And the pirate version of Emory Heisler!

And the pirate version of Emory Heisler!

Emory also lends his services to his local yacht club, serving on the Arizona Yacht Club board for several years, including the in the roles of Commodore and Birthday Regatta Chair.  Emory also served as the Buccaneer 18 Fleet representative to the AYC for several years, before passing the torch to someone else.  Emory has used his positions in leadership roles as an opportunity for mentoring others, setting others up to take on additional responsibilities within the club.

Emory is the reason that many of us in Arizona, as well as others outside the state, are Buccaneers.  His zeal and generosity in helping and teaching others has helped grow the Buccaneer Class and Fleet 79.

*What’s a quaich? Noun (obsolete): A traditional, shallow, two-handled Scottish cup symbolising friendship. It was originally used to toast the arrival or departure of a visitor.

Viper Sailmaker is July’s Meeting Attraction

Keith Magnussen of Ullman Sails.

Keith Magnussen of Ullman Sails.

How do you organize a crew that’s never sailed together? How do you organize them for a regatta? For anyone who’s shuffled crew before (wouldn’t that be everyone?), it’s a vital question. At July’s monthly meeting we’ll see what Keith Magnussen suggests.

Keith has been an integral part of the Ullman Sails Viper 640 program, doing much of the R&D and assisting with the advancement of sail design in this high performance class.

The meeting is Tuesday, July 8, beginning at 7pm (but arrive early for dinner). Monthly meetings are held at the Caddy Shack @ Rolling Hills Golf Course, 1415 North Mill Avenue, Tempe, AZ 85281-1205 (map) and both members and non-members are welcome to attend.

The Ullman Loft. Photo: SeaYa.com

The Ullman Loft. Photo: SeaYa.com

Some of Keith’s resume highlights include Ultimate 20 North American Champ in 2013 as tactician, second overall in the recent Newport to Ensenada race as navigator and helm, second in class in the 2011 Transpac as watch captain, and first overall in the 2012 Long Beach Race Week as tactician aboard a Viper 640. He’s now optimizing two boats for the 2015 Transpac, a Jeanneau 45 and a J/125.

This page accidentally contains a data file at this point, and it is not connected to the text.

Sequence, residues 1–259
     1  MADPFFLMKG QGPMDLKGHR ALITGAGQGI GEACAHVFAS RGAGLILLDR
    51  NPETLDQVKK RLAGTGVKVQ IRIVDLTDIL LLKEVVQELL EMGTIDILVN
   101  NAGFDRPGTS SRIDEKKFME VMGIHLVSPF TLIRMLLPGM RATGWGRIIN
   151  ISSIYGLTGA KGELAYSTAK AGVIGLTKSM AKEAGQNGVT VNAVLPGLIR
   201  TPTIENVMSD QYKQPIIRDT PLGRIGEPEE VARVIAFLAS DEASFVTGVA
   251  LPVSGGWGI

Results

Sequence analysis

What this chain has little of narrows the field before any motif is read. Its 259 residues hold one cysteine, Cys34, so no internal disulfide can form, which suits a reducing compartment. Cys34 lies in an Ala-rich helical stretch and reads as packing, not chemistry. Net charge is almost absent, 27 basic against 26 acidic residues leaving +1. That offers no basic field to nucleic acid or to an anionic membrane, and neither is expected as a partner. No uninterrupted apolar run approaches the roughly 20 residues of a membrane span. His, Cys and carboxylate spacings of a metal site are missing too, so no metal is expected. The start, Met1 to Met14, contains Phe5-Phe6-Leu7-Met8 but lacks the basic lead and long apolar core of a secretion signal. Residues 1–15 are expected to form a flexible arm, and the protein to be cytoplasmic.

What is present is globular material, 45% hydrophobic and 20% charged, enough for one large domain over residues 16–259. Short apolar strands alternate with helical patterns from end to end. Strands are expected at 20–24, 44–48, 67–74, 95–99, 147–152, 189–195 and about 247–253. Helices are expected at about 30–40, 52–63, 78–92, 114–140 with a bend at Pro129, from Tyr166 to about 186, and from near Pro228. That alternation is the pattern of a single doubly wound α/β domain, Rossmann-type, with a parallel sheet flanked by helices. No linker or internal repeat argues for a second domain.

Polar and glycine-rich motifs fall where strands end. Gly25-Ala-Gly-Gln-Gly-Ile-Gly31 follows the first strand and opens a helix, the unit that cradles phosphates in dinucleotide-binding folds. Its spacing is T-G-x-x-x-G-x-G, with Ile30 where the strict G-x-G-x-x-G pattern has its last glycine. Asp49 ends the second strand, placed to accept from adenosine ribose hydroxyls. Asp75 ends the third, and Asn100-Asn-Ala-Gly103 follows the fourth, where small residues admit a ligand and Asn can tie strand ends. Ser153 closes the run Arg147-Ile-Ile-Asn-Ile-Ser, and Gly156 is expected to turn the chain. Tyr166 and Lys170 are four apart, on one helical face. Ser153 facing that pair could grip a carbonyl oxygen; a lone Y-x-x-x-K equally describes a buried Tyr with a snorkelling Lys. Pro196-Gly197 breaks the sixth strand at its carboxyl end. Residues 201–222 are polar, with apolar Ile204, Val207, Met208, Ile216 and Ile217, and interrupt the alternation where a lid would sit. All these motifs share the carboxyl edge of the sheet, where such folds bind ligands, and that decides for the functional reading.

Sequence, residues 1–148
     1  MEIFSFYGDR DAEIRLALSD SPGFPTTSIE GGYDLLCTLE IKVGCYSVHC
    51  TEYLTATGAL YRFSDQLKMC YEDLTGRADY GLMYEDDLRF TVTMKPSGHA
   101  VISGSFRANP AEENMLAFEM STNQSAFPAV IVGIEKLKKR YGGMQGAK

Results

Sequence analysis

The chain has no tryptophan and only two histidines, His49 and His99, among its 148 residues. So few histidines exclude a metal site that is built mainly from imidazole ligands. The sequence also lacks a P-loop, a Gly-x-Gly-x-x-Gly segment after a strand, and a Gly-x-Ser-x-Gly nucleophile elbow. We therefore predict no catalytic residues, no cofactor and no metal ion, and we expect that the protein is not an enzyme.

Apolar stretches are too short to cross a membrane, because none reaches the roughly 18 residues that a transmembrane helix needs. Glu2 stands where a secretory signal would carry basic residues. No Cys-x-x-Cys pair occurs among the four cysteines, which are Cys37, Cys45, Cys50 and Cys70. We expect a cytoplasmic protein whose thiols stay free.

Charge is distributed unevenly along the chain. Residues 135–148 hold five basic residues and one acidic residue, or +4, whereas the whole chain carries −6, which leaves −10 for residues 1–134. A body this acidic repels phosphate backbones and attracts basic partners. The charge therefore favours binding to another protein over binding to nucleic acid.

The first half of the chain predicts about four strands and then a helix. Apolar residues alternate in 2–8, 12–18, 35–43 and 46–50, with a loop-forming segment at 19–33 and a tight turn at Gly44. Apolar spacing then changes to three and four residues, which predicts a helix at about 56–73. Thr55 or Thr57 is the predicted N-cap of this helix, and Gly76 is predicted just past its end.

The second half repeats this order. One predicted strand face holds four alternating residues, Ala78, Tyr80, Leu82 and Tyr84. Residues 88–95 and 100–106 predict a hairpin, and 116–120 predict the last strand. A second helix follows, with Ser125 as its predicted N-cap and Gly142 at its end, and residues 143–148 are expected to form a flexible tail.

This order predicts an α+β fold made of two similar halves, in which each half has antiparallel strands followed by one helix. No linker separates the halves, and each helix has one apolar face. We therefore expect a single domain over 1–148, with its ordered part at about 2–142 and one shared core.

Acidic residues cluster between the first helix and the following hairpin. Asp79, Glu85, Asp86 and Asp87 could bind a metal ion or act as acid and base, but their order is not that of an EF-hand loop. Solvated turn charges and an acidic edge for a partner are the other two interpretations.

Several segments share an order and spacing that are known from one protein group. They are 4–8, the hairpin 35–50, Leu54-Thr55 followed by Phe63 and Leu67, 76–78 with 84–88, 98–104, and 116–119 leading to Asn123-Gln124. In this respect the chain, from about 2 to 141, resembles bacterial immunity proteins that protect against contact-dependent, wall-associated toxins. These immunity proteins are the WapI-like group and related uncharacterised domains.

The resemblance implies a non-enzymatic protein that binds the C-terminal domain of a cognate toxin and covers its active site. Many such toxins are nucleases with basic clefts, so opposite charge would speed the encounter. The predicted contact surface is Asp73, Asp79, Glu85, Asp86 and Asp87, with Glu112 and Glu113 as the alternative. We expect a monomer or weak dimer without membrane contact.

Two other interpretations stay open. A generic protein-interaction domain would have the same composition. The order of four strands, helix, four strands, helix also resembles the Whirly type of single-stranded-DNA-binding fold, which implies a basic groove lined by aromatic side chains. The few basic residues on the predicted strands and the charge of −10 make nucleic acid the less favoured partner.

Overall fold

Keith grew up racing in Southern California and started working for Ullman Sails four years ago. Now he deals with a wide range of boats, from the Viper to 70-foot cruising boats−and he says that’s what keeps the job exciting. Below is a YouTube clip of Keith describing the Ullman way of sailmaking, shot by the website Sea Ya, which has this additional information on their visit to the loft.

In addition to Keith’s presentation, we’ll hear from Marshall Williamson of the Tucson Sailing Club. He’ll fill us in on the club’s San Carlos Regatta, a twice-annual event that happens within a day’s drive of here. Marshall began racing in the Philadelphia area, crewed for races in Annapolis, and has been crewing at Lake Pleasant with Gene Muller on his J/24. He’ll fill us in on the kind of sailing and racing you can expect at San Carlos.

Some of the action you'll find at the Tucson Sailing Club's San Carlos regattas.

Some of the action you’ll find at the Tucson Sailing Club’s San Carlos regattas.

And some of the scenery that comes with it.

And some of the scenery that comes with it.

Otto’s Great Interlake Rescue

InterlakeRescueLike a lot of boat projects, the one Otto Shill envisioned turned out to be a little bit more complicated than expected. Instead of a light fiberglass fluff and buff, Otto’s project began to look more like boat building than boat fixing.

It started with a derelict donation he bought from the Arizona Sailing Foundation (ASF)−and I hope they didn’t charge him much. The project reached completion when sailed with his father on Tempe Town Lake.

The journey was much longer, one that began long ago with a sail on Lake Pleasant.

Here’s Otto’s story.

 

Victor’s Sandpaper Spring: Tuesday’s Meeting

Victor Felice's J/24. Photo: Chris Smith

Victor Felice’s J/24. Photo: Chris Smith

When Victor Felice decided to spruce up his J/24 Mermaid Rescue, he didn’t go halfway. He wanted to make it cleaner and faster and was prepared to put in the sweat equity to make it happen. Tuesday night, he’ll show you how he did it, from the haul-out to the fun time when the crew splashed the Mermaid again.

The meeting is Tuesday, June 10, beginning at 7pm (but arrive early for dinner). Monthly meetings are held at the Caddy Shack @ Rolling Hills Golf Course, 1415 North Mill Avenue, Tempe, AZ 85281-1205 (map) and both members and non-members are welcome to attend.

Victor loves to sail and he loves to shoot video of his sailing, so he’ll be bringing some of the action to the meeting, including this video of the first time back in the water on May 31.

Rear Commodore Chris Smith will also be there to tell us about his race to Catalina on his J/80.